Twilight Zone: The Complete Fourth Season consisted of only 18 episodes, and while some retain that eerie, otherworldly feel, others are almost DOA. "Miniature" features Robert Duvall (The Godfather), an oddball loner who is drawn into a miniature house setting in a museum that suddenly leaps to life. In "The Incredible World of Horace Ford," Pat Hingle (Batman) plays a toy designer who gets to go back in time and experience his childhood again, to unsurprisingly bitter results; it's a great rumination on the idea that we can't live in the past because it keeps us shackled from moving on to our future. On the creepy side, "The New Exhibit" deals with a wax museum curator (Psycho's Martin Balsam) who gets to watch over some wax figures of infamous murders in his basement. When his wife decides she doesn't want then around, things go from bad to worse for everyone when the figures suddenly come to life. My personal favorite episode is "Of Late I Think of Cliffordville", about a self-absorbed businessman (Albert Salmi, Caddyshack) who makes a deal with the devil to go back in time and remake his enormous fortune but learns that lightening doesn't always strike twice.

As you can see, this fourth season of Twilight Zone sports some unique and entertaining episodes that fans of the series will surly enjoy. Then there are the episodes that feel like they drag on for an eternity; "Jess-Bell" features The Dukes of Hazzard star James Best buying a love spell from a witch; it sounds interesting, but "Jess-Belle" is one of the weakest episodes in the entire series. The season finale, "The Bard", includes screen icon Burt Reynolds (Smokey and the Bandit) and the ghost of William Shakespeare rolled into one ridiculous package. And so it goes. While there may be just as many good episodes as bad this season, for a show as good as Twilight Zone, that's pretty a pretty poor batting average.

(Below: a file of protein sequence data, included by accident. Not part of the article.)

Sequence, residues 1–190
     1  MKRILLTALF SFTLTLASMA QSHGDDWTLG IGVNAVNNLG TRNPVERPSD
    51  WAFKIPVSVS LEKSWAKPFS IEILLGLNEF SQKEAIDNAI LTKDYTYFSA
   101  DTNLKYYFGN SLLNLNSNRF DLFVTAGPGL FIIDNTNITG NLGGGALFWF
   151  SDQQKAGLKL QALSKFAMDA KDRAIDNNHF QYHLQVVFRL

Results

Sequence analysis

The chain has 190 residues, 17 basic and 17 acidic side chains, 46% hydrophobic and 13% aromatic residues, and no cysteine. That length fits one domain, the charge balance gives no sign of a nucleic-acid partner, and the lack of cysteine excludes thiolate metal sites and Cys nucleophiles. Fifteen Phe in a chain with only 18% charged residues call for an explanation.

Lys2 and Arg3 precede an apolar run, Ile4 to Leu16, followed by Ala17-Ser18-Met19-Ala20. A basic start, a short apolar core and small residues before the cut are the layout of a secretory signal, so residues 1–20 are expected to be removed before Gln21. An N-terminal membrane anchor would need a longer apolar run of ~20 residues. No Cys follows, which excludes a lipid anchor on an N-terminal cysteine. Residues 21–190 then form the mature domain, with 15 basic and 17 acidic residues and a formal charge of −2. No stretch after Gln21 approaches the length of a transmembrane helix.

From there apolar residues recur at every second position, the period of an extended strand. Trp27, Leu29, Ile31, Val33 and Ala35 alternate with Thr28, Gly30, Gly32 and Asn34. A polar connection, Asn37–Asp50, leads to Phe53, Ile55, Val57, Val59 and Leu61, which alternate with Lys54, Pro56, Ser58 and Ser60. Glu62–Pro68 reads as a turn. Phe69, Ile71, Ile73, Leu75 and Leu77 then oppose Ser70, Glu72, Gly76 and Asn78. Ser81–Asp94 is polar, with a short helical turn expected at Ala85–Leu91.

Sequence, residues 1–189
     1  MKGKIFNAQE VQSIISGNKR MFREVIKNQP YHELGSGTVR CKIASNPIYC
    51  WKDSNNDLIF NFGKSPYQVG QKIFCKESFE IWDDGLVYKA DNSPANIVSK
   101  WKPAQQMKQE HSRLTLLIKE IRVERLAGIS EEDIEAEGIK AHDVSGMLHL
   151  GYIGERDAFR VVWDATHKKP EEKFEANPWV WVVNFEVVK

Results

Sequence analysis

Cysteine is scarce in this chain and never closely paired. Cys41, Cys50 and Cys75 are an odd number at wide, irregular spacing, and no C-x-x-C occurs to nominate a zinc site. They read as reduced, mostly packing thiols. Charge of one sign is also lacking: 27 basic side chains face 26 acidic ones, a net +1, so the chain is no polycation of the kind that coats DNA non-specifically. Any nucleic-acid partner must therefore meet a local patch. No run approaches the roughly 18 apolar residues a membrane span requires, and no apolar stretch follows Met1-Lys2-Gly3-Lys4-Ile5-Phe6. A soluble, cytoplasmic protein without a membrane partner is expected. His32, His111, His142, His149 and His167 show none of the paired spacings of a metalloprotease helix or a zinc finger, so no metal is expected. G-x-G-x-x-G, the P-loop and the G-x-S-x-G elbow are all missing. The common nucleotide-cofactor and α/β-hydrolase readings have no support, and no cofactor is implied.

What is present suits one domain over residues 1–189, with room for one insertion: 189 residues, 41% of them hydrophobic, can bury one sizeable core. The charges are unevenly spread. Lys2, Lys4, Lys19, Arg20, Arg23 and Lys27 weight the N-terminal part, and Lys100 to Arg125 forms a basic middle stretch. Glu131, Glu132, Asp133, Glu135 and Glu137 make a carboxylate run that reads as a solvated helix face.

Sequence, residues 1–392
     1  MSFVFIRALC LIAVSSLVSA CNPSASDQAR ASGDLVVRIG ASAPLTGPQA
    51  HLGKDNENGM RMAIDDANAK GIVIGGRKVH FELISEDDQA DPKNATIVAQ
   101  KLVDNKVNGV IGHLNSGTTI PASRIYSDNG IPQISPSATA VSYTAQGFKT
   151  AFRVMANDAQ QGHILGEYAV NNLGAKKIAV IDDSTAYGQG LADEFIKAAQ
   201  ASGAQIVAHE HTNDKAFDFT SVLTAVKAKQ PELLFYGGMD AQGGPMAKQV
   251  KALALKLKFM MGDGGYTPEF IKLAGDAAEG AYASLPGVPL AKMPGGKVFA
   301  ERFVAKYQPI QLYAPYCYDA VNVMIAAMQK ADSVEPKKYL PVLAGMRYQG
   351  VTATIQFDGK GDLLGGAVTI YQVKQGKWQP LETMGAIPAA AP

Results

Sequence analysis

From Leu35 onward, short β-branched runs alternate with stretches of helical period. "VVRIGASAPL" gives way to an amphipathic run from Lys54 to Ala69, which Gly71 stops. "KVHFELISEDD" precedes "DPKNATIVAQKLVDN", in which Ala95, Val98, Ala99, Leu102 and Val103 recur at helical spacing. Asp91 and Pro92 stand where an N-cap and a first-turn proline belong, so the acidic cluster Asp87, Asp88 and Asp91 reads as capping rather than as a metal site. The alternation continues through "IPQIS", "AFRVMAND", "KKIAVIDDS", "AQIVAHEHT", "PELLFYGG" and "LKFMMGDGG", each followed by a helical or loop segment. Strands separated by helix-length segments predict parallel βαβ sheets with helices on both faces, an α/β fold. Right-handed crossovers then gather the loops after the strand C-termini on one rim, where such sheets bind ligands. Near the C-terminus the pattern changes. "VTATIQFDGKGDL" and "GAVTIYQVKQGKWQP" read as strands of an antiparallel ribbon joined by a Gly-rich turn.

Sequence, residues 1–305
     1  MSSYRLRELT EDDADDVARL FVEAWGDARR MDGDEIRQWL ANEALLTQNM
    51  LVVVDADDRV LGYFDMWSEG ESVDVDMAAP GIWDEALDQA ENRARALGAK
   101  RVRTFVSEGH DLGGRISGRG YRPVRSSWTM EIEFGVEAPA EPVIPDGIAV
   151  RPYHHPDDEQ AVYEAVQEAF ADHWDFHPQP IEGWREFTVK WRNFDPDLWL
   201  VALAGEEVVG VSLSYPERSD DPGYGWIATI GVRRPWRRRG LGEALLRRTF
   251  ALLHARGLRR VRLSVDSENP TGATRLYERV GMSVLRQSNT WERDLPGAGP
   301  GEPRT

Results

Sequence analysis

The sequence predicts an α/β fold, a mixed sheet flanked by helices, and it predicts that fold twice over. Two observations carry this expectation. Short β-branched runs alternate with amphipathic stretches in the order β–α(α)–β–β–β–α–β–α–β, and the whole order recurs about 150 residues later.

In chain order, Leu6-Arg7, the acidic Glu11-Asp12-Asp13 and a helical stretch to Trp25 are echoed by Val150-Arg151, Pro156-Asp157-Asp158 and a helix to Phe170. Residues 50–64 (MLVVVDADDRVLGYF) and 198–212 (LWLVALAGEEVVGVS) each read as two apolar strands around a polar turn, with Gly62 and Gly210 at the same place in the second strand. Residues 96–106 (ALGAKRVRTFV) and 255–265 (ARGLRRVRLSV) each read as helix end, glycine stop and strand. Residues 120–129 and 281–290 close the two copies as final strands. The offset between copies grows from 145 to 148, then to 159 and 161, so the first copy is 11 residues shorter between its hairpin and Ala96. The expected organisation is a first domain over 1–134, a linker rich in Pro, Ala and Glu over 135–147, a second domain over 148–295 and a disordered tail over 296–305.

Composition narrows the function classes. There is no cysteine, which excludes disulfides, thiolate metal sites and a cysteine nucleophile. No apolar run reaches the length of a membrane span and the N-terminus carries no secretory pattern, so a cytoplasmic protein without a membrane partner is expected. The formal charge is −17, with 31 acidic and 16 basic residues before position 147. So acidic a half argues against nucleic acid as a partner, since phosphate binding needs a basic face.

The bulk of these episodes were written by Rod Serling as well Charles Beaumont (who bowed out halfway through the season due to sickness) and the late Richard Matheson, both of whom have written some of the finest episodes in the show, but even their talented writing couldn't get the show back on track throughout the season. Yet, it's really hard to get too down on a season that features one of the show's most memorable episodes, "Nightmare at 20,000 Feet." This William Shatner (Star Trek: The Motion Picture) classic—about an airline passenger who starts seeing a weird looking creature chewing on the outside of the plane—was so popular that it was included as one of the segments in the underrated 1983 film based on four of the show's episodes. For that episode alone, Twilight Zone: The Complete Fourth Season is worth checking out.

Each of these 18 black and white episodes is presented in the original aspect ratio, 1.33:1 full frame. Each transfer looks great; I think this series has been available on DVD at least two or three times, so by this point the image should look super crisp and clean (which it does). Each soundtrack is presented in Dolby Digital 1.0 Mono in English. All of these audio tracks are in very good shape with crisp, clear dialogue, music, and effects work. Obviously, each track is very front heavy and no directional effects. There are no alternate soundtracks or subtitles, and no bonus features.

As a consumer who understands the need to own the complete set of anything, I can heartily recommend Twilight Zone: The Complete Fourth Season. However, if you're just coming into the show for the first time, this fourth season should be last on your list (and you're better off buying the previous Image Entertainment versions with tons of extra bonus features).

The Verdict

Not guilty. Entertaining, but not nearly as good as the first three seasons.

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Scales of Justice

Judgment: 86

Perp Profile

Studio: RLJ Entertainment
Video Formats:
• Full Frame
Audio Formats:
• Dolby Digital 1.0 Mono (English)
• None
Running Time: 390 Minutes
Release Year: 1963
MPAA Rating: Not Rated
• Classic
• Fantasy
• Horror
• Mystery
• Science Fiction
• Suspense
• Television
• Thriller

Distinguishing Marks

• None


• IMDb